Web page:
Noah Gundersen – White Noise
|Noah Gundersen - White Noise|
Release Date: 22nd September 2017
There are restaurants you can go to where you eat in the dark to heighten your senses of taste and smell which allows you to appreciate the food more by shutting off your sight. I feel like blindfolds might be easier but who am I to argue with a fad? And at least you don’t have to get dressed up. There is, however, something to be said for your surroundings and how they impact on your senses but I’ve listened to this album in the sun, rain and wind, in my car, in my home and walking the streets, in good health and with chronic back pain. Whichever way you slice it, it’s an absolute work of genius.
Seattle’s Noah Gundersen is shortly releasing ‘White Noise’ and, in a lot of ways, that’s a good description for the album but once you start to actually listen (y’know, put down your $1000 iPhone and actually listen) you can hear the subtleties and some shiny lyrical nuggets. Opening up with ‘After All’ Gundersen creates a distorted synthetic bass rumble and, a short yelp later, he’s standing in the eye of the storm – all calm, delayed vocals with guitars swirling around him. It’s a beautifully calm start to an album. On ‘The Sound’ there is a more urgent chug and you feel this is where the album starts to hit it’s stride with the first of many great lyrical moments; “just a pain in the ass Johnny Cash middle finger, no shoot ‘em up drugstore quitter is a winner”. This is triumphant, vital and vibrant – just the way I like my music. And women.
Taking a sharp left turn, ‘Heavy Metals’ opens with a rich 80s synth vs beat intro that sounds like the darker cousin of LadyHawke or a Berlin comeback while ‘Number One Hit Of The Summer’ is the real anthem of the album with Buckley-esque guitars and a road trip vibe push everything forwards, relentlessly onwards because there’s no going back. Not now, not ever. One of my favourite song titles in a while, ‘Cocaine Sex & Alcohol (From a Basement in Los Angeles)’ (not sure if the missing comma is intentional but I hope it is), introduces a song built on forlorn pianos, soothing strings and Gundersen’s voice doing that heartbroken, singing through pain with clenched teeth thing to perfection.
|Snakes are not jewellery kids|
The lo-fi pulse juxtaposing with the delicate piano work on ‘Bad Actor’ is perfect for a film or the darkest of the early hours but it only acts as a pallet cleanser before the main course to come. ‘Fear & Loathing’ is the American anthem from the reality of the Trump era and it’s so good that I’m going to put it in Springsteen territory. As Gundersen tells the story of a rundown American town, Fear & Loathing (population: everyone), you are drawn in to the picture he is painting by the gentle hum of acoustic strum and gentle piano notes as you fall in love with the characters – Quarter backs, Prom queens, old drunks; “no-one gets a break in this town”, “there’s nothing left for us here now, in Fear & Loathing. It’s a beautifully crafted story that the whole album revolves around as it builds from lap steel gentility to an almighty, frustrated crescendo that is the absolute release of years of being down trodden and forgotten about.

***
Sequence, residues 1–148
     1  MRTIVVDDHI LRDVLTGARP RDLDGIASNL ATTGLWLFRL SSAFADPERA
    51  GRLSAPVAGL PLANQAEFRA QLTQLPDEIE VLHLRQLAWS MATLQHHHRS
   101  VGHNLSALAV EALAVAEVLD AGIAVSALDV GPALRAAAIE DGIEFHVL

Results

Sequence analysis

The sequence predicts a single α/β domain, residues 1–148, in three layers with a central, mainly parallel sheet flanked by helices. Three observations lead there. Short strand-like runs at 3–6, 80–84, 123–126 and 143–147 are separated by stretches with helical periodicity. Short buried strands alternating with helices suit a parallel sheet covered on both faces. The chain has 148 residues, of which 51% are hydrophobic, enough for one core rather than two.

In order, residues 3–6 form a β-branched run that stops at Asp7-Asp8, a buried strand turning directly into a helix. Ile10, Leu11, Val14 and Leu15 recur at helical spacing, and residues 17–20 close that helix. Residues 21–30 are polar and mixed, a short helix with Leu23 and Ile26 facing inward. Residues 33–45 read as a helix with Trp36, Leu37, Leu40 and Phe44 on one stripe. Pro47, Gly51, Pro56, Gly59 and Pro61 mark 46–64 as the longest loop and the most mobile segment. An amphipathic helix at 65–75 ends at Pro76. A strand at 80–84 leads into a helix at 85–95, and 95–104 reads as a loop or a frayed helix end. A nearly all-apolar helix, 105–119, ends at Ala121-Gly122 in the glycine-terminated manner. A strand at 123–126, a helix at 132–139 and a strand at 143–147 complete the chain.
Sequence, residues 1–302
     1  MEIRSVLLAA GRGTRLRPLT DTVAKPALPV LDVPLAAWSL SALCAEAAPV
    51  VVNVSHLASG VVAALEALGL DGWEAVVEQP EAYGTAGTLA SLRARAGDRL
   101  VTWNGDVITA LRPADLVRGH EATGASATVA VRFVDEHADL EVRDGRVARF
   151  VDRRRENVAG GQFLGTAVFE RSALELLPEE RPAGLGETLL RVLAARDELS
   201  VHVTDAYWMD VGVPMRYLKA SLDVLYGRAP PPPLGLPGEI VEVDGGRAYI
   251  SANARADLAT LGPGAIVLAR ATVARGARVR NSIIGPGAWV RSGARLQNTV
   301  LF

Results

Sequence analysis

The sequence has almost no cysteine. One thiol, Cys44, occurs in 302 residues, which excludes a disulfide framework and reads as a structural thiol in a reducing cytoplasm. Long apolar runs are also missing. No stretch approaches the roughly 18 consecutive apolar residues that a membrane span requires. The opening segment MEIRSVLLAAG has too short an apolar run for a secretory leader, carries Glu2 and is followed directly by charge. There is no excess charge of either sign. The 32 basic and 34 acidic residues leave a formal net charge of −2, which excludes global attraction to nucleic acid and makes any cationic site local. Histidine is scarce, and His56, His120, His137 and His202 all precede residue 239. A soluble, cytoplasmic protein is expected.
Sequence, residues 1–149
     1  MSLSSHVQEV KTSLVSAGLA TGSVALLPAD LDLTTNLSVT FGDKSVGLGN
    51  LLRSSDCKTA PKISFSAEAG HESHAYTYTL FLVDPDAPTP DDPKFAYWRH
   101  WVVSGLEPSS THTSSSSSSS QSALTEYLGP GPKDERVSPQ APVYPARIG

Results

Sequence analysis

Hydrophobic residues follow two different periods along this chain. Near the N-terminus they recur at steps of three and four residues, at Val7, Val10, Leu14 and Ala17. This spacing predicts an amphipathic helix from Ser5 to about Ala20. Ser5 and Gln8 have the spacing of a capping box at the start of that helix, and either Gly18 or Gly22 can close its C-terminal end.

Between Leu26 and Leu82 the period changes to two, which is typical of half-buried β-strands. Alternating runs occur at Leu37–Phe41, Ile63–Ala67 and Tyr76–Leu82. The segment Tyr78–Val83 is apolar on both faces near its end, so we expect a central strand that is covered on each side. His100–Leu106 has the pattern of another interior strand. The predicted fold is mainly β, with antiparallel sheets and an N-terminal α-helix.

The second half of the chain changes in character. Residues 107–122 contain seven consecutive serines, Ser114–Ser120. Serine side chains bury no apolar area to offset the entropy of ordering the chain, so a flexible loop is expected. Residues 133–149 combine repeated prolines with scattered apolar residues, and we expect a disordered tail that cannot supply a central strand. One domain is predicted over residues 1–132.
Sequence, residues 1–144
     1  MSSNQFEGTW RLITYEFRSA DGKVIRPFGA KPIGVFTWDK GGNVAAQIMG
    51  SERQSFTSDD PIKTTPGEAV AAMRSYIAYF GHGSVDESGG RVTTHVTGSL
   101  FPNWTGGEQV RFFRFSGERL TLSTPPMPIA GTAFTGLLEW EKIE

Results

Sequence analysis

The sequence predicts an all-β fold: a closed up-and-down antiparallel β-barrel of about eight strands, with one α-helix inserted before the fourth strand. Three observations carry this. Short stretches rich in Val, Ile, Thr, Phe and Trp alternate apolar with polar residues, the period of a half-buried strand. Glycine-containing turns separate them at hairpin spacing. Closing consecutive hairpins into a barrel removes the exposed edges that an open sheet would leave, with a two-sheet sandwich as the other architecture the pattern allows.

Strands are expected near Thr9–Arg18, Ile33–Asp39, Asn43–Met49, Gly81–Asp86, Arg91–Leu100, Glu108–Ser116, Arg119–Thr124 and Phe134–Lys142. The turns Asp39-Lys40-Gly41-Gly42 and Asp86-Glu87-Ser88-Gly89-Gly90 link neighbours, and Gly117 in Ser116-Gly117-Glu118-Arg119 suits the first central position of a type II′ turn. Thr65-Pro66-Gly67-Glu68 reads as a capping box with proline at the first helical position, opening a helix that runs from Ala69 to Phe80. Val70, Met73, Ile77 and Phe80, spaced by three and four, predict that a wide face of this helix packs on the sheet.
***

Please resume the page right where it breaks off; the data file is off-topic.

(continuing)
After a long fade out, there’s an ominously insistent metronomic beat like the drip of rain after a heavy down pour which brings about the new clarity of ‘Sweet Talk’, replete with high pitched vocals, intricate guitars and an (almost) overdue splash of drums to break the tension. There’s a wonderfully simple piano intro to ‘New Religion’ before the Killers-esque crowd pleasure shifts through the gears with ease before leading in to ‘Bad Desires’, a love song for a generation of defeated romantics. ‘Wake Me Up I’m Drowning’ is one of the most genuinely terrifying songs I’ve ever hear so younger readers may want adult supervision for this. It’s the gently persistent drip of piano notes that build in to a pool, a well, a lake of water that becomes oppressive and weighs down on your soul before Noah Gundersen sings as though this was recorded while he was actually at risk of drowning. Radiohead did the video, Gundersen seems to have taken it a step further to magnificently claustrophobia inducing effect. “It’s just a dream I’m having, wake me up, wake me up I’m dreaming and I can’t swim, wake me up, wake me up….again” – It’s Lynch-level stuff.
The album concludes with two tracks that provide something approach closure after this experience. Firstly, ‘Dry Year’ is a clean, pure acoustic and vocals track that feels like Gundersen possibly wrote it as he recorded it, such is the stream of consciousness lyrical theme. And then, to finish, we have ‘Send The Rain (To Everyone)’, another of Gundersen’s softer, more intimate songs that show off those song writing skills again. This is an album I could (and will) listen to again and again. There is triumph and despair, love and loss, anger and peace. All of human life is reflected here and that is in no way an easy task. Noah Gundersen has, with this album, put himself in amongst the great modern American songwriters like Dylan, Springsteen and Buckley, those who only need surnames and if their president lets them down in the worst possible way then you could do no better thing than taking this album in to your fallout shelter with you.
More information: https://www.facebook.com/noahgundersenmusic/
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